Had my pure PHP web app rejected on a market platform because I didn't use a framework..

  • 0
    @No-one no their comment was lack of framework. Plus I love PHP and it's a dope language for simple to intermediate dynamic applications
  • 3
    Move the functions to a framework.php file?
    Half of my apps in php don't justify using and learning a framework and hope it will be maintained in the future, so I'm totally with you on keep the functionality tight, usually a core.php, a logic.php and a config.php with lots of reused code on core.
  • 4
    @No-one Says the guy wearing a Java shirt! 😂😉
  • 0
    @No-one I honestly don't know how you can think that, but hey to each his own.
  • 1
    I have no problem with frameworkless web backends, as long as the structure of the project is well designed (some kind of MVC like separation) and safe (Request validations, SQL injection protection) and conforms to standards and best practices (namespaced classes, reasonable test coverage).

    At that point you might as well use at least a tiny framework like Silex or Lumen.
  • 0
    @No-one First response is gold.
  • 1
    Just include a framework but never actually use it.
  • 0
    @Jop- Good for Java. Let's not turn this into a why Java sucks/doesn't suck thread.
  • 2
    @No-one sorry, as soon as you said "Java" I got a memory leak and machine froze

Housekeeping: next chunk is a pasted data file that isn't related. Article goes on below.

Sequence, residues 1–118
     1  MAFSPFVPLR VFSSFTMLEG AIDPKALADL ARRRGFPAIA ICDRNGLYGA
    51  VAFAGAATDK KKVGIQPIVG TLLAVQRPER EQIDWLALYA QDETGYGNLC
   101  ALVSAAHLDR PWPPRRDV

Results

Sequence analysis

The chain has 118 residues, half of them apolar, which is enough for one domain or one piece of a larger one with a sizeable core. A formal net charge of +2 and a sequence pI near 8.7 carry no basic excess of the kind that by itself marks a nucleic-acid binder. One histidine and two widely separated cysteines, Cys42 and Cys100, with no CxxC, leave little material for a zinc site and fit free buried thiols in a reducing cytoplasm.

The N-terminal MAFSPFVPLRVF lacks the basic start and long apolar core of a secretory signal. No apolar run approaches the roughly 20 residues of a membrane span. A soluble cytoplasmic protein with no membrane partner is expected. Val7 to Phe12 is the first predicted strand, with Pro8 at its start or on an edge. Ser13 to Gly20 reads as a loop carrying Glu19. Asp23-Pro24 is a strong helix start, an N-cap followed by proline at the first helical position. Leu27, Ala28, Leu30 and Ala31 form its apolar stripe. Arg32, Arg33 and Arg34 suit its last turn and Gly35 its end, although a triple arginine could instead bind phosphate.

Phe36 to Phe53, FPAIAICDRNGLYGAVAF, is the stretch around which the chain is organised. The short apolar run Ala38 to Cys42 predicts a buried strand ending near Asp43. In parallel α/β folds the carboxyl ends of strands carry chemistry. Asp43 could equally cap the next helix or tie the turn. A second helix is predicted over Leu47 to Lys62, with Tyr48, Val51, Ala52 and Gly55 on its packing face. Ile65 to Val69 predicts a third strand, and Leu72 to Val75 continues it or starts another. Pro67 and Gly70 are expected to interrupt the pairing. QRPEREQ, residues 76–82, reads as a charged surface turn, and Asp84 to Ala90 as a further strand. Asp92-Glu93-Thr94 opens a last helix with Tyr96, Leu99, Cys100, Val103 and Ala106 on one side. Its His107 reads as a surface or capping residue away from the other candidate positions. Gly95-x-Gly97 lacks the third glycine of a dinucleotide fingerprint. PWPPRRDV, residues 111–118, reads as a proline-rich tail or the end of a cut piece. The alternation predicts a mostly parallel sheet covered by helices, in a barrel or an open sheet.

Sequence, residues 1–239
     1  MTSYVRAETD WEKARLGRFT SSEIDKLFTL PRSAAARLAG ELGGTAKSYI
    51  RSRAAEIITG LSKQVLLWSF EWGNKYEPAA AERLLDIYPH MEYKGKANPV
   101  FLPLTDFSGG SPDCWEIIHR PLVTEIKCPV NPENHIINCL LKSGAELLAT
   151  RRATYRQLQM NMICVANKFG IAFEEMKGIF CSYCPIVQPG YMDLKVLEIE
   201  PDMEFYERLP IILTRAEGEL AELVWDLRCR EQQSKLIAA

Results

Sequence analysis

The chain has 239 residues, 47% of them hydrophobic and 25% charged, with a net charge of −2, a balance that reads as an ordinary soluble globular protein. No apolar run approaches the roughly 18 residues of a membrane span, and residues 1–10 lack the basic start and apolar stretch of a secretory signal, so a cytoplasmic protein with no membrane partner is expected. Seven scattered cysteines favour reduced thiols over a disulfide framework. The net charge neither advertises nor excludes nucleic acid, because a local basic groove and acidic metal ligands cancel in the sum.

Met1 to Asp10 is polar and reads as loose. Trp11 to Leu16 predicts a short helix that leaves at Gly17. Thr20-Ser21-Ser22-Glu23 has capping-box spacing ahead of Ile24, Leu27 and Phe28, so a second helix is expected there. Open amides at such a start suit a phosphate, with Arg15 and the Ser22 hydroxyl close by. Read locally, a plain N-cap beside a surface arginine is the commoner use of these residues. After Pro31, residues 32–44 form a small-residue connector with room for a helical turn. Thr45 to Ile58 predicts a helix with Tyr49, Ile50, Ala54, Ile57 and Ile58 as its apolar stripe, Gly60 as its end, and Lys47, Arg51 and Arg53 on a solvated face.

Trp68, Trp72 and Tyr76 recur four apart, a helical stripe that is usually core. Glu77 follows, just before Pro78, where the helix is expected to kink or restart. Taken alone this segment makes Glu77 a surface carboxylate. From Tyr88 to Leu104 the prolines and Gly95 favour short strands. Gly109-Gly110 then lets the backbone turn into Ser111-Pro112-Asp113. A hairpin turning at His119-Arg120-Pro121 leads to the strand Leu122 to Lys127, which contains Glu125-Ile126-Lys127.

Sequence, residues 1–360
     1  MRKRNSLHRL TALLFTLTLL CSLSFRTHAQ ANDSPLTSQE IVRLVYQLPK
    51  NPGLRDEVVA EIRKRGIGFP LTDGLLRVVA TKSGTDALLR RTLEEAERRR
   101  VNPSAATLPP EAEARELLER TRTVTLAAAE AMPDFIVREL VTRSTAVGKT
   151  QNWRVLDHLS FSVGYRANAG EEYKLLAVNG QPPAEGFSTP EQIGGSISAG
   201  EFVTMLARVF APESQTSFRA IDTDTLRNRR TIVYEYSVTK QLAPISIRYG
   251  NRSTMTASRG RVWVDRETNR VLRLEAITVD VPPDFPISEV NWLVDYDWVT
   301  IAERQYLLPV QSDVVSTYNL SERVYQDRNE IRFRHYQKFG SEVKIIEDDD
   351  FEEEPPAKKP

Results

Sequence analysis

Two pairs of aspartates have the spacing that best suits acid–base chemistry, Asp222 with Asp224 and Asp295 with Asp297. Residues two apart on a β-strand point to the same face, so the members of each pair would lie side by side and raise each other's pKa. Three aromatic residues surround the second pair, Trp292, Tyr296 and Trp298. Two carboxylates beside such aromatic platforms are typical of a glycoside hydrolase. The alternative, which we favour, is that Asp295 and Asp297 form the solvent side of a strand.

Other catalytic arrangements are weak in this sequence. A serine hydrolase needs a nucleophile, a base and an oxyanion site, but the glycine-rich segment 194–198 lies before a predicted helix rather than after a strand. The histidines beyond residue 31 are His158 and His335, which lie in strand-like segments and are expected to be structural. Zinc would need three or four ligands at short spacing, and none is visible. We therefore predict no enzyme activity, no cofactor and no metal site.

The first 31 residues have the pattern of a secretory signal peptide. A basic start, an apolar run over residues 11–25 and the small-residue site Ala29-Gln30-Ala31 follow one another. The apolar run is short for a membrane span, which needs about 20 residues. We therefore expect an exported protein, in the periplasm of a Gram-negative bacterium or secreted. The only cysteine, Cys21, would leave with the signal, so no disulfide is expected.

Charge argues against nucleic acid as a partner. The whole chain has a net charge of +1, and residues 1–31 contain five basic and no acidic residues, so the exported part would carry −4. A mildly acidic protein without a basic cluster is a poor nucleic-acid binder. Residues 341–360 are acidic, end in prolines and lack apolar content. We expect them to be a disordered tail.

• 1
    @No-one as much as I hate PHP I will always hate Java more. Java needs to die amidst a hailstorm of a thousand flaming arrows.
  • 0
    @Jop- Why's it shit?
  • 1
    @Jop- If you declare your variables with var then you indeed don't know javascript

    What about code reuse and organisation is so hard? It has functions, it has objects, it has inheritance tho you shouldn't use it (in any language). What more would you like? Oh namespaces? They exist, via modules. Anything else?

    And how is using a framework bad? Is it a sign of a good programmer if he constantly reinvents the wheel to do the most mundane things? No. Use what's been created for you, no need to redo it other than to pat yourself on the back saying "I can do it too!"

    What's cool about JavaScript is it's flexibility and openness. I know, not limiting the developer will bring bad code from bad developers but it will also enable the great developers do so great stuff. What other languages have so many derivatives like JavaScript with its typescript, coffescript, dart and hell even React's jsx? It just goes to show that the language does not limit the developer like many do.
  • 1
    @Jop- (ran out of characters)
    If you need walls and boundaries to keep you in check then by all means use something else. But if you can function efficiently in freedom then JavaScript is perfect for you.
    That is of course if your problem falls within the domain of JavaScript. Don't go writing game engines or statistical computations in JavaScript, it's not made for that and there are better options like R (for stats) for example
  • 0
    @Froot Wish I could give you a few more ++'s for that! I couldn't agree more (except that I think using too many frameworks can be just as bad as constantly reinventing the wheel, especially when the wheel can be reinvented in just a couple lines of code anyway, but we can have that discussion another time). 😉
  • 0
    @theScientist Ye probably, I kinda got into my flow 😊

    @Jop- But I've said all I wanted now so there's no point in discussing it further. It's not like I'm going to convert you into a JS lover anyway, it's just going to be a drawn out shitshow